RANNELLS: This was written in 1968, which was a year before Stonewall, just before the Gay Rights movement started. It’s a really interesting snapshot of what gay men’s lives were like at that time and how we’ve made huge strifes in 50 years, but things haven’t changed all that much on a human level.
HALL: To take it back to Black Monday, that is one of the things that we always find interesting on set. Even though we’re doing it very comedically, it’s like, “Gosh, this is a snapshot of the ’80s,” which isn’t that long ago. We were so unkind to people. There was this disregard. I know you published your memoir. What made you do that, especially at this time, at this point?
RANNELLS: I didn’t intend to do it. I wrote an essay for the New York Times, and then I just sort of continued to write essays, stories from early in my time moving to New York. I think you and I both had similar experiences about going to college in New York City. Being young and in that city, there’s just a lot to absorb and a lot that’s going on around you. A lot of it is from the time I moved to New York in 1997 to the time I got my first Broadway show, which I was in the chorus of Hairspray in 2005. When I got that job, it was a dream come true. That was it. I just wanted to be on Broadway. Sometimes those jobs get overlooked. People probably think my career started with The Book of Mormon, but that was in 2011, and I moved to New York in 1997. So it was like, “Well, I was still living. I was still doing things.”
HALL: Those jobs make a huge difference. They create that guy who was able to do The Book of Mormon.
RANNELLS: I feel like sometimes people get easily discouraged because they’re wanting something that they think they should have on a certain timeline. But the truth is, unfortunately, things take as long as they take.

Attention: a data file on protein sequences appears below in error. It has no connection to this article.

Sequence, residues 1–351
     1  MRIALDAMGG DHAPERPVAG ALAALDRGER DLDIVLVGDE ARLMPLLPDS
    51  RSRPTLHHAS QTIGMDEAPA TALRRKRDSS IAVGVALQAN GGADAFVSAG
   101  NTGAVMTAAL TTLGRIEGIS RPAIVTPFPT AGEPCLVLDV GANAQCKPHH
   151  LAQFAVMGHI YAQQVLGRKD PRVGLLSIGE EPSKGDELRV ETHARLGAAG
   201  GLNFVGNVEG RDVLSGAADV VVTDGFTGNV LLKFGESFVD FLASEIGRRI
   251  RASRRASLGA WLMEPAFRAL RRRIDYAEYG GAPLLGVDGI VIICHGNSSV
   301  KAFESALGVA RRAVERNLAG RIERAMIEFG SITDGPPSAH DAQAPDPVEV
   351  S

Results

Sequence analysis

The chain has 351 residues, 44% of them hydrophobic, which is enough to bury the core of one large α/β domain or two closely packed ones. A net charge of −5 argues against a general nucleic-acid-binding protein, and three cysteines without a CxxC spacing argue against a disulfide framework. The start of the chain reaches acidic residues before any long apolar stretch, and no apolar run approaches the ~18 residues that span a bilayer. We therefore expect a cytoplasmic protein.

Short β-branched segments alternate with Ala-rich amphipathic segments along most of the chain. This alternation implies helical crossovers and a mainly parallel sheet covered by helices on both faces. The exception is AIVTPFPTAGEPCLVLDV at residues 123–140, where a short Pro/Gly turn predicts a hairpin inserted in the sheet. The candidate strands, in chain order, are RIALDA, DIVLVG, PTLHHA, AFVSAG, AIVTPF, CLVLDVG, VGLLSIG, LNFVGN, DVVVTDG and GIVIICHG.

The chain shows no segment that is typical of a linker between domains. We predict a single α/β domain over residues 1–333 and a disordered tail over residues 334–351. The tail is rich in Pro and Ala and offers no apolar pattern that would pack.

HALL: Those years, in those jobs, is where you learn so much. You are so much better prepared. So the quantum leap isn’t always the ideal thing, even though it looks like it. I’m constantly learning. It’s like a forever school or forever class. So, what’s the worst part of being an adult?
RANNELLS: I kind of thought that there would be less anxiety as I get older. Maybe I’m doing it wrong. I find that I still have the anxiety that I had when I was younger, and I thought that would just magically go away when I turned 40, and it weirdly did not. I guess that’s the hardest part of being an adult is sometimes realizing like, “I’m an adult, but I’m still feeling like this.”
HALL: All the same feelings, double the responsibility. You’re confident because you’ve done it before, but you don’t lose the anxiousness or the nerves. You just have the perspective of the past to be like, “I know I can do it because I did it before.”
RANNELLS: That’s a good way to say it, because I feel like when you’re young and doing it, there’s a fearlessness about being on stage. I never really had stage-fright the entire time I was working early on Broadway, and even through The Book of Mormon. It started to creep in in a weird way around the time that I was in Hamilton. I developed a strange stage-fright that was so jarring to me.
HALL: What have you learned during the pandemic, and what do you feel like could potentially be some bright spots in the future?
RANNELLS: I think we’re all learning not to take things for granted. Broadway not being there, it did feel like a huge chunk of, not only my life, but the city is now just gone for a while. It’s a very different landscape. If you walk through that theater district area, it’s just these empty buildings, which is so sad. It’s a scary time to be an artist anywhere, but certainly in the Broadway community.
HALL: I would love it if they could open theaters with no audiences, and they could film and stream shows, and we could pay to watch live theater. It would allow the people who need to express their creativity to continue to work, and also introduce a broader audience to a lot of plays, so that when the theater does return, whether it’s Broadway or local theater, people have had an engagement and access to it.
RANNELLS: Maybe that’s how we can do a play together.
HALL: I would like that. Who’s been your favorite actor or actress that you’ve collaborated with and that really has influenced you the most, and why? And for the sake of this interview, you don’t have to say me.
RANNELLS: You’ll be angry. I have learned so much from you those last two seasons, I will be totally honest. I had the honor of presenting you with the New York Film Critics’ Award last year.
HALL: Yes, which, when you came and I saw your face, it made me so happy. Then when I had posted the photo, everyone was like, “I love them together. They are the best couple.” The love comes across because they were like, “Regina, I am here for it.”